Animal Source Foods Promote Cognitive
Function, School Performance, Increased
  Muscle Growth and Activity in Kenyan
Child...
Evolution of research on malnutrition
     and growth and development

• 1970s:         protein deficiency

• 1980s-90s:  ...
Nutritional Benefits of Animal Source
               Foods (ASF)1
• Macronutrients
      – Relatively high fat content inc...
Nutritional Benefits of Animal Source
               Foods (ASF)1

• Micronutrients (intrinsically high in
  meat)
      –...
Importance of ASF in Developing
              Countries
• Infants and young children
  – PEM and multiple micronutrient de...
Importance of ASF in Developing
                Countries
• Multiple functional impacts
   – Maternal malnutrition with fe...
Nutrition Collaborative Research Support
             Program (CRSP)
• Nutrition CRSP awarded to UC Berkeley by USAID
   –...
Methods
• Longitudinal observational study of infants, toddlers,
  schoolers, and biologic parents for one year
• Data obt...
Some key findings
• Mother-child interactions and child care taking were negatively
  affected by low maternal energy inta...
Study 2 – 1998-present
• Findings from observational studies called for a randomized
  controlled intervention study to te...
Main Hypotheses
Children supplemented with animal foods will:
  –   Perform better on measures of cognitive function
  –  ...
Methods
• Randomized, controlled feeding intervention study
  of 1st and 2nd grade children to one of four isocaloric
  fe...
Methods
• Testing of functional outcome measures:
   – Cognitive - Raven’s Progressive Matrices, WISC-R,
     Verbal Meani...
Selected key findings - Cognitive

• Raven’s Progressive Matrices: Steepest rate of
  increase on Raven’s test score in Me...
Raven’s Scores
          21



          20
Raven’s
                                                              Control
...
School end term test scores

• Meat and Milk groups showed the greatest
  increase compared to all other groups in:
  – In...
Change in Total Test Scores by
       Group (over 5 school terms)


           *
                               *




    ...
Change in Subject Test Scores by
              Group


     *                                                             ...
Change in Subject Test Scores by
               Group
                            (over 5 school terms)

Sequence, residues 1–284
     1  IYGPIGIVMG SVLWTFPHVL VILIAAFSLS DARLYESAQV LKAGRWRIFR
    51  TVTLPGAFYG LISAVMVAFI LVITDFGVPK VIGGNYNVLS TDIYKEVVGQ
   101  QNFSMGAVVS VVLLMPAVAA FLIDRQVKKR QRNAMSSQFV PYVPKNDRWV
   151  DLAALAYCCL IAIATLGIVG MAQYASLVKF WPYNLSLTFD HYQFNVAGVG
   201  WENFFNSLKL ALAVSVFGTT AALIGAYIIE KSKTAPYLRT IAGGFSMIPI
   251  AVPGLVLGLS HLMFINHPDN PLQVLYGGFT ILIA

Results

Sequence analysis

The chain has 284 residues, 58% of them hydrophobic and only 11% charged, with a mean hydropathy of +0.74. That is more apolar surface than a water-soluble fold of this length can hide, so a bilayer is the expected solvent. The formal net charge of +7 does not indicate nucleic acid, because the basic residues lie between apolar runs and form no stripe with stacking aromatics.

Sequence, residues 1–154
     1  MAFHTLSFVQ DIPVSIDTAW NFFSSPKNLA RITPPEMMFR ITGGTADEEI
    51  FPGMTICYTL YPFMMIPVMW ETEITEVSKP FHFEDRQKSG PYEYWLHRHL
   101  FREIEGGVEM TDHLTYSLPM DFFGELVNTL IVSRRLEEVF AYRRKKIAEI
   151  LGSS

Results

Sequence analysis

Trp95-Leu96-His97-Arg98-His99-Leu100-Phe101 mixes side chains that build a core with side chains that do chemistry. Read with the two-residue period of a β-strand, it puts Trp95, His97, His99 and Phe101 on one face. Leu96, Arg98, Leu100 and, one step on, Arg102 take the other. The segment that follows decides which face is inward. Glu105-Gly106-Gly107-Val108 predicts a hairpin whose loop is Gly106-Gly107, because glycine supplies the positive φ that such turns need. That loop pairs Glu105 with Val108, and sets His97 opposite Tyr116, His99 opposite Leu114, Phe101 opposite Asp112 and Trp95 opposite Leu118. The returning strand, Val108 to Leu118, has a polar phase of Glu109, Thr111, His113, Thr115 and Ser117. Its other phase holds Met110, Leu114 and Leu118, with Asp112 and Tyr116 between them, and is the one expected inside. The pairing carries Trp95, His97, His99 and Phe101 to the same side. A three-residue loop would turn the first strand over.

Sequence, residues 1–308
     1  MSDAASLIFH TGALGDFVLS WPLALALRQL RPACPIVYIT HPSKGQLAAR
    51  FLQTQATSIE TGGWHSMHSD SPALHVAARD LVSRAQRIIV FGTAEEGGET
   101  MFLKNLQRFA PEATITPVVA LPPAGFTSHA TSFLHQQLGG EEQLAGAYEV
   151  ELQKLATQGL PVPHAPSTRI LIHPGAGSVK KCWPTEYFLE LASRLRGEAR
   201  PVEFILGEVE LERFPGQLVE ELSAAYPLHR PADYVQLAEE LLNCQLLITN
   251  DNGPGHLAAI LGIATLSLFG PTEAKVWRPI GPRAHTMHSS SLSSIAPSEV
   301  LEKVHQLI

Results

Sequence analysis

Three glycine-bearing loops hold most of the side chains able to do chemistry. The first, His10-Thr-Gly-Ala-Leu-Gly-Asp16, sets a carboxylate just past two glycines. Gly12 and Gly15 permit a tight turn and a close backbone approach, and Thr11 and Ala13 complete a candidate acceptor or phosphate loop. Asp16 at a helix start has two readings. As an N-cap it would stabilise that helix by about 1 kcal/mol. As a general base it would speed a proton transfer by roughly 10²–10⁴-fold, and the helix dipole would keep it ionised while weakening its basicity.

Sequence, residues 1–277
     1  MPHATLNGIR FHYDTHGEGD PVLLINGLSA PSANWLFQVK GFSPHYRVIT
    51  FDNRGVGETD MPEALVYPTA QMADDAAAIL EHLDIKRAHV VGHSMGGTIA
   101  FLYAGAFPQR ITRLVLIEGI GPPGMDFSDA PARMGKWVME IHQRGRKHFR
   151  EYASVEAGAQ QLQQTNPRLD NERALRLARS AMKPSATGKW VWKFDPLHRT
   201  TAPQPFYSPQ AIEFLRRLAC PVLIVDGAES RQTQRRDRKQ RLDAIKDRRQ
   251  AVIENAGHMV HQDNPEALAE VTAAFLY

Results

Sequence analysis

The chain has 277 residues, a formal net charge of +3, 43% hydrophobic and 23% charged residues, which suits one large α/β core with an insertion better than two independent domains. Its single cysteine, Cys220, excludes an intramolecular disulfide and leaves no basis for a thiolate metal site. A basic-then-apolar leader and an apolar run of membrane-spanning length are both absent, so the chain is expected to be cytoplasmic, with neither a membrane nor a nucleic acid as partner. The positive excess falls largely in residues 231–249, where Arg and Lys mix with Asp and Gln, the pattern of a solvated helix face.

...
Physical Growth

• Arm muscle area (lean body mass)
  – The Meat group showed the steepest and highly
    significant gain...
ARM MUSCLE AREA (cm2)



    githeri plus oil
Physical Activity and Behavior

• Greatest increase in high levels of activity and
  on going activity in Meat group
• Gre...
Playground % Initiates
Morbidity
• Control group had the highest illness frequency
  occurrences and the least decline over time
• Meat group had...
Summary
• This first RCT with meat supplementation
  shows:
  – Increased cognitive and school performance
  – Increased h...
Implications
• For optimal learning and school performance children
  need diets of adequate quantity and quality
• Improv...
Acknowledgment
• Financial support for this project comes
  primarily from USAID Grant No. PCE-
  G-00-98-00036-00 through...
Animal Source Foods Promote Cognitive Function, School Performance, Increased Muscle Growth and Activity in Kenyan School ...
Animal Source Foods Promote Cognitive Function, School Performance, Increased Muscle Growth and Activity in Kenyan School ...
Animal Source Foods Promote Cognitive Function, School Performance, Increased Muscle Growth and Activity in Kenyan School ...
Animal Source Foods Promote Cognitive Function, School Performance, Increased Muscle Growth and Activity in Kenyan School ...
Animal Source Foods Promote Cognitive Function, School Performance, Increased Muscle Growth and Activity in Kenyan School ...
Animal Source Foods Promote Cognitive Function, School Performance, Increased Muscle Growth and Activity in Kenyan School ...
Animal Source Foods Promote Cognitive Function, School Performance, Increased Muscle Growth and Activity in Kenyan School ...